Chris Isaak / Self-Titled Can Sound Very Good, Heart Shaped World, Not So Much

More Chris Isaak

This record can have surprisingly good sound.

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Heart Shaped World seen below has never impressed us.

It’s modern and digital sounding. If you like the music, just buy the CD.

  • An incredible sounding copy with Shootout Winning Triple Plus (A+++) sound from the first note to the last; the first copy to ever hit the site
  • These sides are KILLER – open and spacious, but with all-important richness, smoothness and Tubey Magic that makes the top quality analog pressing such a special listening experience, and it doesn’t get any better than this record for Chris Isaac
  • Exceptionally quiet vinyl throughout – Mint Minus to Mint Minus Minus
  • “… 11 songs of smoky, wounded romance and dark menace given great all-around performances. Isaak’s gift for capturing a perfect blend of early rock & roll twang and making it sound perfectly of the now is his greatest strength…

This vintage Warner Brothers pressing has the kind of Tubey Magical Midrange that modern records can barely BEGIN to reproduce. Folks, that sound is gone and it sure isn’t showing signs of coming back. If you love hearing INTO a recording, actually being able to “see” the performers, and feeling as if you are sitting in the studio with the band, this is the record for you. It’s what vintage all analog recordings are known for — this sound.

If you exclusively play modern repressings of vintage recordings, I can say without fear of contradiction that you have never heard this kind of sound on vinyl. Old records have it — not often, and certainly not always — but maybe one out of a hundred new records do, and those are some pretty long odds.

What amazing sides such as these have to offer is not hard to hear:

  • The biggest, most immediate staging in the largest acoustic space
  • The most Tubey Magic, without which you have almost nothing. CDs give you clean and clear. Only the best vintage vinyl pressings offer the kind of Tubey Magic that was on the tapes in 1986
  • Tight, note-like, rich, full-bodied bass, with the correct amount of weight down low
  • Natural tonality in the midrange — with all the instruments having the correct timbre
  • Transparency and resolution, critical to hearing into the three-dimensional studio space

No doubt there’s more but we hope that should do for now. Playing the record is the only way to hear all of the qualities we discuss above, and playing the best pressings against a pile of other copies under rigorously controlled conditions is the only way to find a pressing that sounds as good as this one does.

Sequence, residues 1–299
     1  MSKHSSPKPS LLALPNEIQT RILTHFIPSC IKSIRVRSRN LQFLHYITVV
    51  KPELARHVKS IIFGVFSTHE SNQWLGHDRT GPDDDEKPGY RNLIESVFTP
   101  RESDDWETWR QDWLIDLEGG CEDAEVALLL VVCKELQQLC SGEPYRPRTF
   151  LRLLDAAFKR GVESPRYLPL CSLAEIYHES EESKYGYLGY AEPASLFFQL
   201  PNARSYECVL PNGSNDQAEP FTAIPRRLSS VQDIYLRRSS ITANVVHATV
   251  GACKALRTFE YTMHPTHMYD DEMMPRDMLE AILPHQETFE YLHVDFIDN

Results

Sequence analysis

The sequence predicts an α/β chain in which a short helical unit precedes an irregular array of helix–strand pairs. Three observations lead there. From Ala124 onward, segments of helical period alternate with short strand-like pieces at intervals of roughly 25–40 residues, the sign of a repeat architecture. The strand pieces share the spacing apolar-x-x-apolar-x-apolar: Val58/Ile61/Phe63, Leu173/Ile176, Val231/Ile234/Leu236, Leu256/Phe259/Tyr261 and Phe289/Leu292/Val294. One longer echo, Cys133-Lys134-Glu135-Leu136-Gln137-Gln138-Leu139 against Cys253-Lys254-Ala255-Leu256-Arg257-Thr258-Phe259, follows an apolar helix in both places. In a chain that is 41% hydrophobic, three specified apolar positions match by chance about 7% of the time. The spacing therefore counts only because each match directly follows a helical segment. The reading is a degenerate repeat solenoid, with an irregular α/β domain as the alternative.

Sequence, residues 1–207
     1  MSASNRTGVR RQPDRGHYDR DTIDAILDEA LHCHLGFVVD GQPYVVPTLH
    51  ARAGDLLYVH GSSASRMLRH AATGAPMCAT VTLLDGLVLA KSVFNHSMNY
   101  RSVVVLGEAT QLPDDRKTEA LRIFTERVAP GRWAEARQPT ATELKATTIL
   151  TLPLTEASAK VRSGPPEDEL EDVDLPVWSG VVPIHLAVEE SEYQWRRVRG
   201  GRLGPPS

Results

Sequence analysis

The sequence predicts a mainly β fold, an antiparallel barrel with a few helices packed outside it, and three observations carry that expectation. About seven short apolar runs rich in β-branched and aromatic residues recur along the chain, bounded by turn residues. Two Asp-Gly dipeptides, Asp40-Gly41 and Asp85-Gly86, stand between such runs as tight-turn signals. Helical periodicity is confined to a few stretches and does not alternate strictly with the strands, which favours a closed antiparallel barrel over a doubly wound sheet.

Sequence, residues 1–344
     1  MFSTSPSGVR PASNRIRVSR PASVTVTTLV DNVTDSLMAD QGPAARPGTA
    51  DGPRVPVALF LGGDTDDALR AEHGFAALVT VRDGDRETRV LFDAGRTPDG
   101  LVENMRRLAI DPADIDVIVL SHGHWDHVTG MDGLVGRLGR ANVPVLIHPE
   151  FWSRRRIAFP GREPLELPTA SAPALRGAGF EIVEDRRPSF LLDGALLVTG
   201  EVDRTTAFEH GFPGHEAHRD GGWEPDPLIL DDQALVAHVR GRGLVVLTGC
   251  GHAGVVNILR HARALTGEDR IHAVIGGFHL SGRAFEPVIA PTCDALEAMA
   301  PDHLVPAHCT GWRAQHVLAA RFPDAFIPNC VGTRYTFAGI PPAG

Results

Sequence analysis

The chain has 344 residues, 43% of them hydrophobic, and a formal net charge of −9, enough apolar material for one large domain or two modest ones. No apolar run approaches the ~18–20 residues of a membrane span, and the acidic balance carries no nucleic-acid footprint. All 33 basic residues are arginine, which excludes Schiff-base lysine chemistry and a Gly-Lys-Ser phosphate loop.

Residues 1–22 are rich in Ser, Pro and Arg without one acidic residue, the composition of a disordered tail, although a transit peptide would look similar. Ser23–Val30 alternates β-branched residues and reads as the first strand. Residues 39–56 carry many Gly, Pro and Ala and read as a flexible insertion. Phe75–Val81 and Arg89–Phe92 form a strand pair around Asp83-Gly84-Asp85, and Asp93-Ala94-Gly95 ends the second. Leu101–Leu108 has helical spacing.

What We Listen For on Chris Isaak

  • Energy for starters. What could be more important than the life of the music?
  • Then: presence and immediacy. The vocals aren’t “back there” somewhere, lost in the mix. They’re front and center where any recording engineer worth his salt would put them.
  • The Big Sound comes next — wall to wall, lots of depth, huge space, three-dimensionality, all that sort of thing.
  • Then transient information — fast, clear, sharp attacks, not the smear and thickness so common to these LPs.
  • Tight punchy bass — which ties in with good transient information, also the issue of frequency extension further down.
  • Next: transparency — the quality that allows you to hear deep into the soundfield, showing you the space and air around all the instruments.
  • Extend the top and bottom and voila, you have The Real Thing — an honest to goodness Hot Stamper.

TRACK LISTING

Side One

You Owe Me Some Kind Of Love
Heart Full Of Soul
Blue Hotel
Lie To Me
Fade Away

Side Two

Wild Love
This Love Will Last
You Took My Heart
Cryin’
Lovers Game
Waiting For The Rain To Fall

AMG  Review

Having established a winning musical combination on Silvertone, Chris Isaak and his band essentially continue it with little variation on his second album, 11 songs of smoky, wounded romance and dark menace given great all-around performances. Isaak’s gift for capturing a perfect blend of early rock & roll twang and making it sound perfectly of the now is his greatest strength, and if later albums showed him finding new ways to twist and develop his approach, the relatively straight-up work here is more than fine.

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